Deploying a Highly Available Kubernetes cluster to AWS using KOPS

In my previous posts I have talked a lot about deploying a kubernetes cluster. For most part I have used kube-aws from CoreOS which has served me quite well. In the last few months however a lot has happened in the Kubernetes space and a new tool has started becoming very interest called Kops which is a subproject of the kubernetes project.

Both the kube-aws tool and Kops tool started getting support for HA deployments (a requirement for production workloads) and cluster upgrades. One of the major advantages of the Kops tool is its ability to manage and maintain multiple clusters because its stores the ‘cluster state’ in an s3 bucket.

In this post I will do a walkthrough on how to deploy a Highly available cluster using Kops. I will base this on the tutorial page here: https://github.com/kubernetes/kops/blob/master/docs/aws.md The main difference I will describe deploying a HA deployment instead of a regular deployment.

Installing the toolset

Pretty much most of this is covered in the tutorial here(https://github.com/kubernetes/kops/blob/master/docs/aws.md). I am using a mac and will use ‘brew install’ to get the needed command line tools installed. You need both the AWS command line client(aws-cli), Kubernetes client (kubectl) and Kops client installed.

Install the clients:
brew install awscli
brew install kubernetes-cli
brew install kops

Once these tools are installed please make sure to configure aws-cli, you can see here how: https://docs.aws.amazon.com/sdk-for-go/v1/developer-guide/configuring-sdk.html#specifying-credentials

Creating the cluster

First we need to set an environment variable to the s3 bucket where we are going to keep the Kops state of all the deployed clusters. We can do this by simply setting an environment variable as following:

export KOPS_STATE_STORE=s3://my-kops-bucket-that-is-a-secret

This bucket is needed because the Kops tool maintains the cluster state in this s3 bucket. This means we can get an overview of all deployed clusters using the Kops tool and it will query the filestructure on the s3 bucket.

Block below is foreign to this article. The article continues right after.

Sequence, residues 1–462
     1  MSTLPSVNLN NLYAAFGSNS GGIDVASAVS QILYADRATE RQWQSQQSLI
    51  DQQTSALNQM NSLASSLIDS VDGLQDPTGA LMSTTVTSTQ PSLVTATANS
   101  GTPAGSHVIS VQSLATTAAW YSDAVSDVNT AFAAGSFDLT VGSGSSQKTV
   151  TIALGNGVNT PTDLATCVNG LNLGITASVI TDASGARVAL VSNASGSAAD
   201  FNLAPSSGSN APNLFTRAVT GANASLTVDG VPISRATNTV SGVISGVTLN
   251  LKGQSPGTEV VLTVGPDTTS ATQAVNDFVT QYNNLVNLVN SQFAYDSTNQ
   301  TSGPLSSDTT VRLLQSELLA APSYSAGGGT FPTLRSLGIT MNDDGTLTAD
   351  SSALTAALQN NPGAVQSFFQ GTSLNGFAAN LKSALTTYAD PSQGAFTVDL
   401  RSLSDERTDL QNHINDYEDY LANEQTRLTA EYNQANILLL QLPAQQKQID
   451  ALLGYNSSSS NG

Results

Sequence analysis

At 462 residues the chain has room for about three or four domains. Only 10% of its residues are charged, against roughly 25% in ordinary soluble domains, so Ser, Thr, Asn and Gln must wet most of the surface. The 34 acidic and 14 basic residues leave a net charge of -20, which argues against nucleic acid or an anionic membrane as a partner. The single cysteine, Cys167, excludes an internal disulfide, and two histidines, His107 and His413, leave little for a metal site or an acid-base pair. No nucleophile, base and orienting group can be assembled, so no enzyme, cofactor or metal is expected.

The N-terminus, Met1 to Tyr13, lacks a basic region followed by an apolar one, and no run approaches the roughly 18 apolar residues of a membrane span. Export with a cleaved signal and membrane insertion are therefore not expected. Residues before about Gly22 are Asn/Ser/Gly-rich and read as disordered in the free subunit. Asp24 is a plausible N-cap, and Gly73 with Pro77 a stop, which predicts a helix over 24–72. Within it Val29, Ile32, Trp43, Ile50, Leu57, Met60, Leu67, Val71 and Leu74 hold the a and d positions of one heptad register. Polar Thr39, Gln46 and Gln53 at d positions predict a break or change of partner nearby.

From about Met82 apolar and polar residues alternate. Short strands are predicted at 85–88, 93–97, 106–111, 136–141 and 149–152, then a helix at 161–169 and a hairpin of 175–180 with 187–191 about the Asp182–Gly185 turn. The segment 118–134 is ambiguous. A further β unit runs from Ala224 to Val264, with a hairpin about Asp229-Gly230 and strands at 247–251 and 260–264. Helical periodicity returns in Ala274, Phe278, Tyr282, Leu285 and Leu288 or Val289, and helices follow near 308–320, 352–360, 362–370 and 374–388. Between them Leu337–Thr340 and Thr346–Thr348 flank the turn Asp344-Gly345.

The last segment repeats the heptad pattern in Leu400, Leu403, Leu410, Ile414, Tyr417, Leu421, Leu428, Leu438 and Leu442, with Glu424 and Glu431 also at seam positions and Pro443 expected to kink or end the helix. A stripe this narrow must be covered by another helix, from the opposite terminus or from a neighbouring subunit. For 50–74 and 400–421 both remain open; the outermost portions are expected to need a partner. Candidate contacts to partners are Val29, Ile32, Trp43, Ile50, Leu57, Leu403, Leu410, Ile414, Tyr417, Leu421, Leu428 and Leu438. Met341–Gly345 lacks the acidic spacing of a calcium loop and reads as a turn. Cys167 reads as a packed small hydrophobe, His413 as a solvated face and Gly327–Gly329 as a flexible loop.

Once the s3 bucket is created and variable is set we can go ahead creating the cluster as following:

kops create cluster --name=dev.robot.mydomain.com --master-zones=eu-west-1a,eu-west-1b,eu-west-1c --zones=eu-west-1a,eu-west-1b,eu-west-1c --node-size=t2.micro --node-count=5

The parameters are relatively self explanatory, it is however important that the name includes the fully qualified domain name. Kops will try to register the subdomain in the route53 hosted zone. The most important parameters that makes the setup HA is to specify multiple availability zones, for each zone it will deploy one master node and it will spread the worker nodes across the specified zones as well.

The above command has created a cluster configuration that is now stored in the s3 bucket, however the actual cluster is not yet launched. You can further edit the cluster configuration as following:

kops edit cluster dev.robot.mydomain.com

Launching the cluster
After you have finished editing we can Launch the cluster:

kops update cluster dev.robot.mydomain.com --yes

This will take a bit to complete, but after a while you should see roughly the following list of running EC2 instances, where we can see the nodes running in different availability zones:

master-eu-west-1c.masters.dev.robot.mydomain.com	eu-west-1c	m3.medium	running
master-eu-west-1b.masters.dev.robot.mydomain.com	eu-west-1b	m3.medium	running
master-eu-west-1a.masters.dev.robot.mydomain.com	eu-west-1a	m3.medium	running
nodes.dev.robot.mydomain.com	eu-west-1a	t2.micro	running
nodes.dev.robot.mydomain.com	eu-west-1b	t2.micro	running
nodes.dev.robot.mydomain.com	eu-west-1b	t2.micro	running
nodes.dev.robot.mydomain.com	eu-west-1c	t2.micro	running
nodes.dev.robot.mydomain.com	eu-west-1c	t2.micro	running

Kops will also have sorted out your kubectl configuration so that we can ask for all available nodes as below:

kubectl get nodes
NAME                                           STATUS         AGE
ip-172-20-112-108.eu-west-1.compute.internal   Ready,master   8m
ip-172-20-114-138.eu-west-1.compute.internal   Ready          6m
ip-172-20-126-52.eu-west-1.compute.internal    Ready          7m
ip-172-20-56-106.eu-west-1.compute.internal    Ready,master   7m
ip-172-20-58-2.eu-west-1.compute.internal      Ready          7m
ip-172-20-69-113.eu-west-1.compute.internal    Ready          7m
ip-172-20-75-48.eu-west-1.compute.internal     Ready,master   8m
ip-172-20-86-155.eu-west-1.compute.internal    Ready          7m

Chaos monkey

I have tried actually killing some of the Master nodes and seeing if I could still schedule a load. The problem I faced here was that the cluster could still operate and the containers remained available, but I could not schedule new workloads. This was due to the ‘etcd’ cluster being deployed as part of the master nodes and suddenly the minimum number of nodes for the etcd cluster was no longer present. Most likely moving etcd out of the master nodes would increase the reliability further.

The good news is that once the master nodes recovered from the unexpected termination the cluster resumed regular operation.

Conclusion

I hope that above shows that it is now relatively easy to setup a HA Kubernetes cluster. In practice its quite handy to have HA cluster, next step is to move out etcd to make the solution even more resilient.